These are must-have changes - some nice-to-have farkles will be in the next message ....
Part II - older Himas - nice-to-have stuff:

  • There are foam handle bar "hand cushions" that are very cheap but make riding long distance that much more comfy when the raw and hard rubber of the stock handle would transmit vibrations without any dampening effect. Get 2 pairs as they deteriorate relatively quickly so you have replacements handy.
  • You absolutely need a voltmeter, it will warn you of an impending failure of the stator and can safe the day if you are far off service stations. If you have LED main lights the voltage should not go below 14V while the engine is running and not below 13 Volts if you have the old fashioned bulbs.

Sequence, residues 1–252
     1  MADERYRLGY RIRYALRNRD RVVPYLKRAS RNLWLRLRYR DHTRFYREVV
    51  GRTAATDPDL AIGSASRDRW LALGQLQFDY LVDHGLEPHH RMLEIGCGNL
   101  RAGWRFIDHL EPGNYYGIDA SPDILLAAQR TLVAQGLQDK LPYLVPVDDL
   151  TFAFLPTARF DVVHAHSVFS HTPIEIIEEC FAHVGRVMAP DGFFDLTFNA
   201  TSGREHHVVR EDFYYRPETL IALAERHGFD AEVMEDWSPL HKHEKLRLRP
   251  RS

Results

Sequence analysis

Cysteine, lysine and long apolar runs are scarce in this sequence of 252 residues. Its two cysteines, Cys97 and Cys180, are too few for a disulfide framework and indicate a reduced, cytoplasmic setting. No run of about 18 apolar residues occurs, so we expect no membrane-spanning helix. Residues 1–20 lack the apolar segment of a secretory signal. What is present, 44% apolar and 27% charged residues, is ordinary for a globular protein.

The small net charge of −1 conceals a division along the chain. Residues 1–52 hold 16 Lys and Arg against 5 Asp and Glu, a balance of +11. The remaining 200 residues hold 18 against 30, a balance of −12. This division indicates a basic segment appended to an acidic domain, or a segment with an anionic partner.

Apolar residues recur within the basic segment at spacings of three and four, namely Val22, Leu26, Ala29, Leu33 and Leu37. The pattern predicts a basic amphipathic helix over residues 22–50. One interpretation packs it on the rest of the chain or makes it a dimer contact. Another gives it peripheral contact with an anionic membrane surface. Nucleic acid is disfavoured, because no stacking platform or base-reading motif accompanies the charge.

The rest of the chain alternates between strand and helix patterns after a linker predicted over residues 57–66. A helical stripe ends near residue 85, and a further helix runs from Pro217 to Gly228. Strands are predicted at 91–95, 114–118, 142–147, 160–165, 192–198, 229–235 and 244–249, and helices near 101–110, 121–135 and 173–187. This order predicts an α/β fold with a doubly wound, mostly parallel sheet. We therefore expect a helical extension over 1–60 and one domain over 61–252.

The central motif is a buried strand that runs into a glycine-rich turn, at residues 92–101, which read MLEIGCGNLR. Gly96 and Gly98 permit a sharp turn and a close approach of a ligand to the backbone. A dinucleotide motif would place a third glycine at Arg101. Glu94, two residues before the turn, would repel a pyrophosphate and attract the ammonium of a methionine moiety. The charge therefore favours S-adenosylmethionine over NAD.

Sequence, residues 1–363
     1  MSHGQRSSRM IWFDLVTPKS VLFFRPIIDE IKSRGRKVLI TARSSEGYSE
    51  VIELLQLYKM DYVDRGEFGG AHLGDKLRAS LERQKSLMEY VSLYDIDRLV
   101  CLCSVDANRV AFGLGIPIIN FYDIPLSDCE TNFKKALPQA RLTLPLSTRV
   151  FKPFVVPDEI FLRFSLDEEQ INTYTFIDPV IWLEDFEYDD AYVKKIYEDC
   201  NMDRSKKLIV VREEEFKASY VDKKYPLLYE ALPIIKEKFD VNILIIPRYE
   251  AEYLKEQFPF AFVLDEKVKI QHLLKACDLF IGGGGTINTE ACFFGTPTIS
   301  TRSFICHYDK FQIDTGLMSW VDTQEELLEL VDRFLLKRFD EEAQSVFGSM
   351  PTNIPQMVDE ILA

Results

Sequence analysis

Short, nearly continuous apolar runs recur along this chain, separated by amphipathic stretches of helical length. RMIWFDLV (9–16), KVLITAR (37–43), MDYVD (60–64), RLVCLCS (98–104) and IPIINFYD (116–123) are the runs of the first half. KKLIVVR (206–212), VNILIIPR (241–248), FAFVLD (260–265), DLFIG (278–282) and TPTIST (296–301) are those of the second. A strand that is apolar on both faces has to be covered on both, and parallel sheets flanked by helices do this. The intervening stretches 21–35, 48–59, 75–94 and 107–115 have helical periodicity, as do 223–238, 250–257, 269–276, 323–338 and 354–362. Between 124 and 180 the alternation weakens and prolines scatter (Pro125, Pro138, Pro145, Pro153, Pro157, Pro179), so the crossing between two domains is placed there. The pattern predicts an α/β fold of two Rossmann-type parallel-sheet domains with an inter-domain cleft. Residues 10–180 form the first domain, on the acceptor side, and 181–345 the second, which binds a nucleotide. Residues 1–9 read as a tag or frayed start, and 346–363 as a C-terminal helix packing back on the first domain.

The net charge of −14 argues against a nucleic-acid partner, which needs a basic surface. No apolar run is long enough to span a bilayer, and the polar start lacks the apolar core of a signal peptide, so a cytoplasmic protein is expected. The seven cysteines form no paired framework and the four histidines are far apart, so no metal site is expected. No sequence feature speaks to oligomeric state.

The cheap ones from Amazon like this one are sufficient if you place them in the middle under the instrument panel with super glue. Make sure you encase them with some rubbery normal glue to keep moisture off.
  • You may want to get a 21 litre fuel tank (either make it yourself or buy one from us) or at the very least purchase a holder for metal Jerry Cans - do NOT Fall for the flashy red plastic cans, they deteriorate quickly, are hard to impossible to open after a while and the nozzles are not fuel resistant which means they fall apart inside the canister(!!!). We had them for 2 years so we know! Why those additional fuel sources? Because in Ladakh gas stations are rare and some stretches you must take extra fuel unless you have a big tank that gives endurance of 500 km. And NEVER EVER hang those thin water canisters from the rear of your bike. One fall and they burst - douching you in fuel. Then one spark and you have your private little funeral pyre.